Solo Christo, or solus Christus, is one of the five solas (or solae) that have come to summarize the key issues of the Protestant Reformation. Solo Christo means “Christ alone” in Latin. The other four solas are sola scriptura (“Scripture alone”), sola fide (“faith alone”), sola gratia (“grace alone”), and sola Deo gloria (“for the glory of God alone”). Each one of these doctrines is vitally important. To dispatch with any one of them will lead to error and a false gospel that is powerless to save.
When the Reformers insisted on solo Christo, they affirmed that we are saved by Christ alone, apart from the merit of any other person. Jesus alone is the King of kings (Revelation 19:16). He alone is our High Priest (Hebrews 4:14). He alone is our Redeemer (Galatians 3:13) and the sole Mediator between God and man (1 Timothy 2:5). The attempt to usurp or share in those positions is a blasphemous arrogation. Assigning those roles to someone else (such as Mary) is equally improper. It is Christ and Christ alone who saves.
It is not our righteousness that saves us; it is Christ’s alone. “He saved us, not because of righteous things we had done, but because of his mercy” (Titus 3:5). “This righteousness is given through faith in Jesus Christ to all who believe” (Romans 3:22). Whatever good works we do and however faithful we are, in the final analysis “we are unworthy servants” (Luke 17:10). Christ and Christ alone is the Worthy One (Revelation 5:9). Solo Christo.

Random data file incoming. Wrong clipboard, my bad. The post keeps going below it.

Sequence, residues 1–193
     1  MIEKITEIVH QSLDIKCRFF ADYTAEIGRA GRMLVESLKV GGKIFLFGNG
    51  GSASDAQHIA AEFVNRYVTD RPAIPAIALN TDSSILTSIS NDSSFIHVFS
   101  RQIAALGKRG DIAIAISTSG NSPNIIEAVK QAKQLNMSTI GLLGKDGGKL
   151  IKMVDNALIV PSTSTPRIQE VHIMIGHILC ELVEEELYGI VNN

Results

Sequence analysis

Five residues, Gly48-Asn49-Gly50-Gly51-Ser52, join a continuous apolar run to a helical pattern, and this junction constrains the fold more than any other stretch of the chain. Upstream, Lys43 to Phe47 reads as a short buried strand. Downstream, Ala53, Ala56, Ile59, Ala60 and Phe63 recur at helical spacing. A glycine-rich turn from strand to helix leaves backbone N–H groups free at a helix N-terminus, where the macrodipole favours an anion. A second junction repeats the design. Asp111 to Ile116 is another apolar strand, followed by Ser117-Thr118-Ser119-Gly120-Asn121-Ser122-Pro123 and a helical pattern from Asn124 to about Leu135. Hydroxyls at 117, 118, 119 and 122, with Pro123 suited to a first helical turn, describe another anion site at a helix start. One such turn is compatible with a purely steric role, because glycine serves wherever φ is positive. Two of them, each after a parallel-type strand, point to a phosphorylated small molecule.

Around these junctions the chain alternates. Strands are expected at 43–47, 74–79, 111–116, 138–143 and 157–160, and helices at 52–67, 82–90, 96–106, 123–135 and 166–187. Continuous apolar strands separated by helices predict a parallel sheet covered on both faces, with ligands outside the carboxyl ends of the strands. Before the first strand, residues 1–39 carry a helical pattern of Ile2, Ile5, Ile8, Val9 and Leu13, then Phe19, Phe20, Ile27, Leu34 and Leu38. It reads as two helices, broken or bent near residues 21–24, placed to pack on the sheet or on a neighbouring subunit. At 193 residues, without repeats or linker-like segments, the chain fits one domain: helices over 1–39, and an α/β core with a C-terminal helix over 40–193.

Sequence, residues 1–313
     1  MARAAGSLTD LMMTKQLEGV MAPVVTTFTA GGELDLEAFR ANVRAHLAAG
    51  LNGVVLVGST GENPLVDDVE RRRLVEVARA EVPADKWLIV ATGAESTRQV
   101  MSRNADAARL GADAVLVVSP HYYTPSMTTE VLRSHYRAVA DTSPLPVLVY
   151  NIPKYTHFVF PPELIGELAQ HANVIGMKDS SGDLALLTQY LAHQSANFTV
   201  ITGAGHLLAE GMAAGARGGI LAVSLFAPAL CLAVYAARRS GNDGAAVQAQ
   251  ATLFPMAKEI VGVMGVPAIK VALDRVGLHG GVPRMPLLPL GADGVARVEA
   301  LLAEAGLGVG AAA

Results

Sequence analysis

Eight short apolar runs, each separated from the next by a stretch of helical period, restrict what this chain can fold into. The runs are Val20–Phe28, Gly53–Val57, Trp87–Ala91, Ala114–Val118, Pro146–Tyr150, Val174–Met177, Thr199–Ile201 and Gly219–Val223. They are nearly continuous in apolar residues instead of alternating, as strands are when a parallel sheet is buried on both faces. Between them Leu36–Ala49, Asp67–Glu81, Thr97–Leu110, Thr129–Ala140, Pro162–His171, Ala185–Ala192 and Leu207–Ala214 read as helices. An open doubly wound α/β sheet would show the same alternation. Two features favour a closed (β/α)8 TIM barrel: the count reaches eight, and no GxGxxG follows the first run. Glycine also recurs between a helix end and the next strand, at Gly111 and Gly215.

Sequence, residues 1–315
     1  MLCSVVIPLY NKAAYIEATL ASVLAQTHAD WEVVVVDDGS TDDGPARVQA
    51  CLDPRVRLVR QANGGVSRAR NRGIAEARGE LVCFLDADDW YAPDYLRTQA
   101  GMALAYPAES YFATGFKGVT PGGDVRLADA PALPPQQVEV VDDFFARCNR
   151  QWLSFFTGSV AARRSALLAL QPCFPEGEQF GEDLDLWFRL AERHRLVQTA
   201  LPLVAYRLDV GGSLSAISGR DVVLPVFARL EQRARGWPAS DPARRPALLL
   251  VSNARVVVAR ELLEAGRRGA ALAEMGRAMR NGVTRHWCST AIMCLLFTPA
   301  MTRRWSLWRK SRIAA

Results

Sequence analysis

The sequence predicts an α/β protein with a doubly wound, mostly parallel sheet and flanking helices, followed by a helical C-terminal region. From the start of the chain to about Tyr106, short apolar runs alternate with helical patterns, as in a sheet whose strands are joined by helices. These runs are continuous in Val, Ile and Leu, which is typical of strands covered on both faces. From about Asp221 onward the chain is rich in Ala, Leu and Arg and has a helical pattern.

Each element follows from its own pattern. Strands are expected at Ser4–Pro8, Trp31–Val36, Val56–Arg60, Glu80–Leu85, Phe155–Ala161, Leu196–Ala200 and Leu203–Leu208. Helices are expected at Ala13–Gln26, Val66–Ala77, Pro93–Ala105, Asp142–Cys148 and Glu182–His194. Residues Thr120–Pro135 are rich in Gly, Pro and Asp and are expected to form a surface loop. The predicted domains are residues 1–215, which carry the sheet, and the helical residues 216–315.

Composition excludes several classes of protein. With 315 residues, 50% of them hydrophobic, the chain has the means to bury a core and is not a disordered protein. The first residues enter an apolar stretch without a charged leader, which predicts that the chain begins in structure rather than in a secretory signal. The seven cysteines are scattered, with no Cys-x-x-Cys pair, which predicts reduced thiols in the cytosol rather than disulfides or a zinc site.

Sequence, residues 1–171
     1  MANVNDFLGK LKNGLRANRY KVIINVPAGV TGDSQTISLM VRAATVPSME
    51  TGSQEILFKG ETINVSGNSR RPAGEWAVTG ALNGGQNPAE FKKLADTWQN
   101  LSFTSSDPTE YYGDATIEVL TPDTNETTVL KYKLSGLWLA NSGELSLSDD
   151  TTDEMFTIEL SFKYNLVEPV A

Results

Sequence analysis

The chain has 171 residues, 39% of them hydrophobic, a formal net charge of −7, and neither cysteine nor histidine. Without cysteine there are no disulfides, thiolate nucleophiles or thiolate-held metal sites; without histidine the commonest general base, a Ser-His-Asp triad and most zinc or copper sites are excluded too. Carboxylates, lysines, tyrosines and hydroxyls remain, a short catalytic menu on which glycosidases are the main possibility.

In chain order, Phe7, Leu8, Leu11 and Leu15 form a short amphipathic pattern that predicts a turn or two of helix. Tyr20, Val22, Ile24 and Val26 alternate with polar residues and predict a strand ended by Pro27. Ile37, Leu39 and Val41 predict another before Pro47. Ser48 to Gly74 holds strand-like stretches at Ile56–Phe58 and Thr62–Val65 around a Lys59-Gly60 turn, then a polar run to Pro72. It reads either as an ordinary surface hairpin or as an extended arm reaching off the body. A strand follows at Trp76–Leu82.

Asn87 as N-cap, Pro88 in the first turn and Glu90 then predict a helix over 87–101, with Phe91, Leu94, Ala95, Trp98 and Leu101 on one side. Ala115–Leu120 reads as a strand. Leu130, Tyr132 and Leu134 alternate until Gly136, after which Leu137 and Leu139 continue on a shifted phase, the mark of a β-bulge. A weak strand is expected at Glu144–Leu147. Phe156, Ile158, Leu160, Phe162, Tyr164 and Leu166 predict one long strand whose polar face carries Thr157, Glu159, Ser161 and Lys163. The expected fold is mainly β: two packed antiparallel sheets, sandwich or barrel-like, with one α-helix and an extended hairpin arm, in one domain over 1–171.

From beginning to end, the gospel uplifts Christ and Christ alone. He is the One who came from heaven to seek the lost (Luke 19:10). He is the One who obeyed the Law perfectly. He is the One who was crucified, and He is the One who rose again. We are the grateful recipients of His bounty. We are the beggars, and He is the Benefactor. We are the lepers, and He is the Healer. We are turmoil, and He is Peace. Solo Christo.
The gospel is not a message of what we must do for God; the gospel is the good news of what God has done for us. Salvation is not essentially about us; it is about Jesus. Solo Christo. In all things, Christ must have the supremacy (Colossians 1:18), and the Reformers restored that biblical doctrine to the church. As Luther wrote, “I must listen to the Gospel. It tells me, not what I must do, but what Jesus Christ, the Son of God, has done for me” (Martin Luther, Commentary on Galatians, Chapter 2, Verses 4–5).